Keeping in touch.

I read on the front of the newspaper today that previous estimates of how many people will become demented were wrong.  Currently there are 900,000 people classed as having any of the various forms of dementia and these numbers are set to double by 2040 to 1.7 million.

The article went on to list some of the contributory factors as  smoking, being overweight and being diabetic.

As I have written previously, the one thing that links the seven people I have known personally who developed dementia, is inactivity.  Two of them sat for work by the hour.  One was a university professor who wrote many papers.  One was a potter.  A couple sat because they were old and tired.  My mother got up and sat down because she thought manual labour was the province of the working classes whereas she was a lady.  SMIL sat throughout the pandemic in order not to be a bother to anyone.  Whatever their reasons for sitting by the hour, they all did the same dangerous thing – they got up and sat down.

If you like to sit and watch television for much of the evening, it may be instructive to consider what you are doing if you take away the television.  You are sitting staring at the wall.  We have not evolved to sit and stare at a wall.  What did people do before television?  Victorians were famous for gathering round the piano for a sing song, doing acres of needlepoint, or taking boiled-down cow’s feet to the poor as broth, which the poor were grateful for, it being some years before a takeaway was thought of.

The other thing people did, if they wanted to eat, was cook, which you have to do standing up.  All the other activities necessary for civilised life involved hours of rushing around or standing up too.  My grandmother rose at five when she was eight years old to wash the other children’s cotton smocks.  Her father helped by putting the fire on under the copper and pumping the big jug full of water.

When I stayed with her on a Saturday night in the nineteen fifties, she was still washing her smalls with a poss stick in the sink and tackling any stains with a washboard.  She did have Daz, a modern clothes washing powder.  If you were good you got some in your bath and came out fresh as a daisy.

I am terrified of inactivity because of the risk of developing dementia.  For twenty three years I’ve started nearly every day with a work-out.  I am not huge and muscular, I am short and tubby.  I exercise at least an hour but often all morning.  I do not do it to excess, I just do it enough to make my feet warm.

All the blood that is in your body goes through your brain every seven and a half minutes, taking out the trash, bringing nutrition and oxygen, I just plan to exercise enough to give it a push.

The other thing I do nearly every day is ring SMIL.  She can very rarely talk now, occasionally she manages a goodbye.  I just chatter about all the normal family things, what’s growing in the garden, the weather, what the grandchildren are up to, cheerful, positive news the main purpose of which is to let her know she is not forgotten.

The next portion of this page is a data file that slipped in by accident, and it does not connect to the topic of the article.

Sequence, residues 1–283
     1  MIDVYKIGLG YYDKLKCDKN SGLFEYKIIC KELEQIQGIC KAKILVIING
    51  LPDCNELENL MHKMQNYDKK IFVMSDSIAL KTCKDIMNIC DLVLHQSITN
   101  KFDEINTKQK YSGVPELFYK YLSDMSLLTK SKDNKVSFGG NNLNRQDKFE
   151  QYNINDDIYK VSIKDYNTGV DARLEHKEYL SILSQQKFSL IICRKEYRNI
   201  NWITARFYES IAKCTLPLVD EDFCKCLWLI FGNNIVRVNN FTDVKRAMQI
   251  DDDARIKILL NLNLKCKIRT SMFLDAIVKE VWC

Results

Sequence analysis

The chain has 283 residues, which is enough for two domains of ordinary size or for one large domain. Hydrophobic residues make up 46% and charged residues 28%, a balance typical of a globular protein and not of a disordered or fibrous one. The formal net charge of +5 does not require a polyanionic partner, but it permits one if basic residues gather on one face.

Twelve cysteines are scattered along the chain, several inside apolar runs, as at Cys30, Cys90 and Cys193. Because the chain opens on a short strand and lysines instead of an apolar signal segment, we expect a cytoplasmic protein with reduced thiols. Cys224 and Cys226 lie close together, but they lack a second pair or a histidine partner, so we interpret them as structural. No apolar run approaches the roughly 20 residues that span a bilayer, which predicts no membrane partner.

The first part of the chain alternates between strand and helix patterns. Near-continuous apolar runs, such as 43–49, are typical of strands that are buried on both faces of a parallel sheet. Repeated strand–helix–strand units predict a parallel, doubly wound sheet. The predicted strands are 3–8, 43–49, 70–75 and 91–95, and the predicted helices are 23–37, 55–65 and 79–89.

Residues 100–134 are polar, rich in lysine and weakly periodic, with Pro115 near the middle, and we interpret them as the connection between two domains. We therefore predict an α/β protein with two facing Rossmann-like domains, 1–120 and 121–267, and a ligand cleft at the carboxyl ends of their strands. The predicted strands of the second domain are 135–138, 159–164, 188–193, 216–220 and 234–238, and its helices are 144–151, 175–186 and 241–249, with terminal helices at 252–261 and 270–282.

I have discovered by empirical research, that the more often you contact your demented person at a distance, the less of a trial and a difficulty it is.  I think starting early after diagnosis and making it a habit is the easiest way to approach the task both for the contacter and the demented relative.  Recalling that recall is the problem, the longer the interval between contacts the more likely the contacter is to be met with blank looks, or a worse : who are you?

I have heard from quite a few relatives of terrible upset when their demented person had no idea who they were.  They felt left out and ignored at best and deeply wounded at worst.  We know that long term memory is on a different circuit from short term, what we had for breakfast, circuitry.  Therefore the more often you contact, the more likely it is that the long term memory will be invoked.  The brain is best at the things it practises most often.  You don’t have to think how to walk, how to clean your teeth, how to go to sleep because you do them so often your brain has instituted short cuts to save time and save you working out how to do them each time.  This is learning.  If you want to be one of the things your thinking-challenged relative has learned, then frequent repetition is your friend.

It is not always easy to think what to say.  I have days when I’ve dialled the number and have no idea what the next ten minutes will hold.  There have been times when staff at the care home have not helped, or have put me off, or the telephone equipment has gone wrong, or something major has been happening.  I am fortunate that the secretary is very personable and always bright and cheerful.  She told me that very few relatives bother to contact their demented person at all.

Just imagine if you were told you had a disease of your brain.  Then, when you’d absorbed that news being told there is no cure it will kill you.  Then, just when  you were wondering how you would manage, because you knew already that your memory was on the fritz, your family tell you they are going to sell your house and shut you up for the rest of your life in what we used to call (and you will think of if you are a certain age) as the looney bin.

No wonder people go nuts.

And then they never visit, never call and you know you are going insane, among strangers, until you die.

If you are among the sane and have a relative who is not, there is little you can do if closer relatives take the care home route early or immediately.  What you can do is stay in touch.  I consider fifteen minutes a day as a prayer of gratitude that it is not me.


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